2011ChinaPresentation of plenary lectures on Safety Culture and Risk Management: Sponsored by China University of Geoscience, Beijing Municipal Government and the State Administration of Work Safety
Two Conferences were held in Beijing (September and November) on risk management at the workplace. Plenary lectures were given at each conference with a focus on the relationship between risk management and safety culture.
2011KoreaThematic Working Group on HIA/WHO: Sponsored by WHO
The TWG HIA meeting in was held in Korea and contributions were made to the TWG HIA meeting and a paper was presented at the combined HIA/air quality conference.
2010Mongolia

Consultant on legislation, processes and methods for HIA within the EIA process in Mongolia: Sponsored by MOH
The purpose of this project was to provide technical advice for integration of health impact assessment into the environmental impact assessment and assist in the development of guidelines and manuals on HIA and conduct 3-5 day training on HIA for health, environment, inspection and other sector staff;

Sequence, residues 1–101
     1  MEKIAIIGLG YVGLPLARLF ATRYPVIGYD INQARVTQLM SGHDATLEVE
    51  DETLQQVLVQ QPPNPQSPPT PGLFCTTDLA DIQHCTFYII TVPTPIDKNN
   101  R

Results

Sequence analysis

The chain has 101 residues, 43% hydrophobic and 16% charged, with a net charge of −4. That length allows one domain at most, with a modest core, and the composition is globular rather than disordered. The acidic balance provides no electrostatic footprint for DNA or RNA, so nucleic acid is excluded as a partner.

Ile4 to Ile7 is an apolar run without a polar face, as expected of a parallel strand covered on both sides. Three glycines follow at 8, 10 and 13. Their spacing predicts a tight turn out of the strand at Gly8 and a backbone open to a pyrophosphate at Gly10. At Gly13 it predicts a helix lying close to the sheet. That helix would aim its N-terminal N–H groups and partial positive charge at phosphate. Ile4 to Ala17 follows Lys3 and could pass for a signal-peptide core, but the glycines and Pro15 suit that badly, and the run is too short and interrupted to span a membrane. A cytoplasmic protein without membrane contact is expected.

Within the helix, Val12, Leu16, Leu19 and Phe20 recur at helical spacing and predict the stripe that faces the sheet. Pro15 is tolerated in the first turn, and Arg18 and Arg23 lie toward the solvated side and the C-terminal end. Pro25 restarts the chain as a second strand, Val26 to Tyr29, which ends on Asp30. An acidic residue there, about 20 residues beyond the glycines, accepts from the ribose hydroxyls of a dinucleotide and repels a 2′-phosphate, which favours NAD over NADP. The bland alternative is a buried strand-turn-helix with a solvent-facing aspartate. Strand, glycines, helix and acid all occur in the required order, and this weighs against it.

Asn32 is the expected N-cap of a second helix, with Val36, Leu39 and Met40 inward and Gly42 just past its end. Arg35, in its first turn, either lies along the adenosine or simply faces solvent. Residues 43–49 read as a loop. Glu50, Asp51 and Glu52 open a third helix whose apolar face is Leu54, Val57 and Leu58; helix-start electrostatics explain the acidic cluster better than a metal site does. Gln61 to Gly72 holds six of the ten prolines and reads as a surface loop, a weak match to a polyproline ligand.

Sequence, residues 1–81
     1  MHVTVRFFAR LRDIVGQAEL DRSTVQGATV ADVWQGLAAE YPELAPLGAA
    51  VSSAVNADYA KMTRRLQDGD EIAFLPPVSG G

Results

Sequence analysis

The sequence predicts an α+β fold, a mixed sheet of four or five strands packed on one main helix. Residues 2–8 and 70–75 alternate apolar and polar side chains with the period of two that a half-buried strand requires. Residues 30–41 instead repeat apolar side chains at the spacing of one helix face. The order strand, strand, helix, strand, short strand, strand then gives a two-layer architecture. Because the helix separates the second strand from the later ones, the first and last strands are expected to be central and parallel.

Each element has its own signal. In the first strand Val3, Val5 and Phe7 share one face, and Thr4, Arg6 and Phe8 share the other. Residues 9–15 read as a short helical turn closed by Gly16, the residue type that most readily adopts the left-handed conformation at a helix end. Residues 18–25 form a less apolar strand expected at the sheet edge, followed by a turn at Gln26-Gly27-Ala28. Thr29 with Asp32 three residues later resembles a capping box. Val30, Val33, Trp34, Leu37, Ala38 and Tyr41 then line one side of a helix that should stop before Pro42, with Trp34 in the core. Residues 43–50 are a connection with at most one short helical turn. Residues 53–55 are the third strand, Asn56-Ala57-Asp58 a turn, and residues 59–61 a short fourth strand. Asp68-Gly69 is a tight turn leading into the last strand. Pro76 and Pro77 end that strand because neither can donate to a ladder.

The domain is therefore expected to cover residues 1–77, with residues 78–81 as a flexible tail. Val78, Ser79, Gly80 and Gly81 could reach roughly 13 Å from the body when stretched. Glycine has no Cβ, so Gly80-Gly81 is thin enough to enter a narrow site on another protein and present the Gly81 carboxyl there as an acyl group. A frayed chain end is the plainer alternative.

The main findings from the mission were that a) the timing is opportune for the MOH to put forward recommendation for changes to the Law on EIA and the associated procedures for the stronger inclusion of HIA in the approvals process: b) there is currently in Mongolia a great deal of interest and enthusiasm for the stronger inclusion of HIA in the approvals process for industrial developments; c) it is very likely that the multinational companies currently developing projects in Mongolia will be carrying out HIA in some form as this is now considered world’s best practice. Mongolia will need to develop its own guidelines for HIA.

2005 - 2009

Year RegionWHO Collaborative Description
2009China

Consultant to Fudan University Shanghai on Environmental Health Risk Assessment: Sponsored by WHO


The WHO together with the CDC China proposed the development of a short course on Health Risk Assessment.

2009Solomon Islands

Introduction to HIA in the Solomon Islands: Sponsored by MOH
The aims of the project were to present papers on key issues (e.g. policy and legislation) discussed at the workshop and facilitate discussion sessions and to conduct training sessions for key health professionals and stakeholders in HIA concepts, processes, assessment tools, standards and monitoring and pollution assessment.